The majesty and mystery of motherhood. subtitle: Mom, don't read this one. Trust me.
Loose ends

First day

I tend to think everything is different now, but some things do not change. This morning, just as I have on the first day of school for the last ten years, I squeezed a golden drop of honey onto Tre's tongue and murmured, "This is to remind you that learning is sweet."

And just like always, he tipped his head back and accepted the honey. As he rolled it around in his mouth, he smirked.

"All these years you had it wrong, Mom. HONEY is sweet," he said.

My son, the smart ass.

Also, my son, the high school student, sitting there in his uniform, looking impossibly grown up and handsome. I reminded myself that I did not intend to cry on this morning that was so exciting for him, so I nudged his shoulder and told him to get in the car.

As we drove, he wondered what the school lunches would be like, and I thought about why this transition was so hard for me.

The first year we officially homeschooled was when Tre was in Kindergarten. We were doing an on-line program then, and our materials didn't arrive until the first of October. That was the year Tre's biological dad, my ex husband, left. On October 31. Life was a shambles, as though someone had taken the world and shaken it, like a snow globe. I did not know one family could hurt that much and keep breathing.

I remember doing a language arts lesson with Tre one day, in the middle of all of this. I had read him a story, and he was supposed to retell it to me. Stressed out little Tre was a quiet child. I remember him as enormous dark eyes in a pinched face. He desperately wanted to fix everything, for everybody, and it broke him that he couldn't.

But all this silent aching sparked in him an insatiable need to move. Always an active child (a kinesthetic learner, doncha know), he literally could not sit still. He jiggled his foot, rocked back and forth in his chair, slid to the floor, and drummed out a rhythm on the bottom of his chair with his heels. He was like this all the time during that era, silent and sad and ever moving.

That day, as Tre retold me the story, he stood up and climbed on my bed, then onto my foot board, like it was a balance beam. He walked back and forth, back and forth, lost in the story, unaware of what he was doing. I watched him, and I realized that this dutiful, vigilant child would be in trouble every day in a regular classroom. He was learning here, where he could move as much as his anxious heart needed, but at school he would be the problem kid.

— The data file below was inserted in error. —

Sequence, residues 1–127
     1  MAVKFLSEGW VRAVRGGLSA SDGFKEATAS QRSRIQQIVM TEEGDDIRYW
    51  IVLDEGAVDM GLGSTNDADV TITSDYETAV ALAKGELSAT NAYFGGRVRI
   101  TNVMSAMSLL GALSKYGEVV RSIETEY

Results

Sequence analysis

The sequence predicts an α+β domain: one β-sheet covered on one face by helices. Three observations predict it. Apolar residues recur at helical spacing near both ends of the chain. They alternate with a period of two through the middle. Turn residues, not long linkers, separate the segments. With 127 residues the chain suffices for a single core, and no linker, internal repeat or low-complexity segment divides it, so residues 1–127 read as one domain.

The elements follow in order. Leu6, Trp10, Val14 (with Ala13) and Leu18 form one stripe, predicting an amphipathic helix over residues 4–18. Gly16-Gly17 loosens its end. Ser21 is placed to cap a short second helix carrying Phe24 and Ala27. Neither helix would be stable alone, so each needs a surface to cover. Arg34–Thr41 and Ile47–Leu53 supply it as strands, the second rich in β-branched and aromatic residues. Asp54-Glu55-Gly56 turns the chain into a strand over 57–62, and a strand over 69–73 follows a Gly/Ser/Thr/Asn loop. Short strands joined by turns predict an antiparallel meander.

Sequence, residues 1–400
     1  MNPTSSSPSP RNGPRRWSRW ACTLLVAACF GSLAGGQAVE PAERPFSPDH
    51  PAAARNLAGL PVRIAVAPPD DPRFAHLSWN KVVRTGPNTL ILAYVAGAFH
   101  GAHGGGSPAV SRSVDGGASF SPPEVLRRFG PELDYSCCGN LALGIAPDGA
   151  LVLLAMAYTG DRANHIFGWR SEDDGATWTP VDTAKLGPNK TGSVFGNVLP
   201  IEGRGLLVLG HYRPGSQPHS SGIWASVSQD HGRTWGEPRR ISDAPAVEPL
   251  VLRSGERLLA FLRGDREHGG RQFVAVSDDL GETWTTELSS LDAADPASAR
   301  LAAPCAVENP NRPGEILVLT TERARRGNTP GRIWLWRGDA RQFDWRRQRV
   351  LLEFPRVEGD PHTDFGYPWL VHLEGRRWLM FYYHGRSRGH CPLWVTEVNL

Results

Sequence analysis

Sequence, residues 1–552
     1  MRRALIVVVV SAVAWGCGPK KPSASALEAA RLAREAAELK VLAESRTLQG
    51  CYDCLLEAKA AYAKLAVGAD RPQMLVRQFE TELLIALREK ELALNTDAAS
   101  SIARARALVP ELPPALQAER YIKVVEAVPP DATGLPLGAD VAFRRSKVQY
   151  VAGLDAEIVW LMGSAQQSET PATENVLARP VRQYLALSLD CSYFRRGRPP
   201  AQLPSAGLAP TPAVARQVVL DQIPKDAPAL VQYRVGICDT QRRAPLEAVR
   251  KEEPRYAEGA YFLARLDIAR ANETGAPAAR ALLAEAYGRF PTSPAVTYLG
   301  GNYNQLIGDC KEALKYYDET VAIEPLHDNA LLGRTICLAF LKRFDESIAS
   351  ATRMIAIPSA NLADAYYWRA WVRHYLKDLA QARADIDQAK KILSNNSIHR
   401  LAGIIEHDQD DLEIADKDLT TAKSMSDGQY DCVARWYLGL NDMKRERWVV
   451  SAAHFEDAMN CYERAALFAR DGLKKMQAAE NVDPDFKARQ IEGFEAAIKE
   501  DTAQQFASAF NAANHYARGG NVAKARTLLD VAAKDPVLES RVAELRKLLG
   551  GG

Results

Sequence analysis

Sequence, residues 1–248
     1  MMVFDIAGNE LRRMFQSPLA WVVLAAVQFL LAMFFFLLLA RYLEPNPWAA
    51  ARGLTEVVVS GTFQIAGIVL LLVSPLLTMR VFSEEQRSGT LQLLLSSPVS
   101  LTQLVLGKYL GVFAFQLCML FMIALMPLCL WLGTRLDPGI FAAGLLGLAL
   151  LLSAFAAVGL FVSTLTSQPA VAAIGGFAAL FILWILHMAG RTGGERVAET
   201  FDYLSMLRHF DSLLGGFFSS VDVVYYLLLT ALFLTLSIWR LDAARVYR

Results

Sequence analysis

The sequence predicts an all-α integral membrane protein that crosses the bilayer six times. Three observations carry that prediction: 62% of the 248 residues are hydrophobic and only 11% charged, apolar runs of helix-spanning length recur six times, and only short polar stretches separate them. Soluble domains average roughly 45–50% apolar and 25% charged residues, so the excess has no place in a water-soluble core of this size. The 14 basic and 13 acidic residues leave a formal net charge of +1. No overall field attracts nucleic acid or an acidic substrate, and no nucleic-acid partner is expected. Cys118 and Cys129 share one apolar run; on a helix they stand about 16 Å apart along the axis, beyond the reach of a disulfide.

In that moment, in my cluttered, dark bedroom, I saw a spark of hope for the future. I didn't know who I was anymore, or where I was going, or why. All of it, why. But I knew what I was going to do. I was going to make our world right for my little boys. For anxious Tre, and furious three-year-old Max, and cherubic four-month-old Raphael, I was going to form a sanctuary.

And I did. They were my life, and I don't even think it was wrong. We got through. The boys are okay.

And of course, the more okay they are, the older and stronger they get, the less they need my sanctuary. This is good, this is right.

It feels a little like getting fired.

I dropped Tre off and drove away, leaving him to figure out the complications of homeroom and lunchroom. I didn't even cry. Much.

I parked across the street and went for a walk in the park there. As I climbed the hill into the park, I saw it laid out before me, lovelier by far than I realized from the other side. There were ponds and trees and long emerald sweeps of grass. And through it all wound wide cement paths. Whatever direction appealed to me, there was a path headed that way. All I had to do was choose where it was I wanted to go.

I stood there, alone, in the clear, early light, and I am proud to tell you that seemed like a very hopeful fact.



Oh, honey. Love you.

Holly Gault

Eh, Kira. You have the gift -- and I can see that you've passed it along to your children, too.


I don't think you got fired -- I think you got promoted! So congratulations, because they seem like such great kids and that's thanks to you.






I have always loved your writing. This, (for whatever reason, not because my son is 19 and a Marine now, no NO NO) more than any other entry, made me cry. And made me wish I could write like that. Beautiful.


He is everything you poured into him...all that belief, hope, trust, prayer, grit, determination: all of you is IN him. He's so lucky... bless you both!


Well??? How was his first week?


Simply beautiful, thank you for sharing Kira.


I love this for so many reasons. Mostly, I suppose, because it shows so clearly how you welcomed the opportunity to get up every morning (albeit around 10am:)) and be your kids' hero. While I'm convinced that's not your point, I still hold a certain reverence and respect for your resolve and ultimately, your triumph. I look forward to reading the post about Tre's tribute to you in his valedictorian address. I needed something to do for the next 4 years anyway.


I am sitting up here in my college dorm room and something makes me to start wondering I wonder how Kira is doing. I venture on here to see these kids that I grew up with, growing up themselves. Craziness!

The comments to this entry are closed.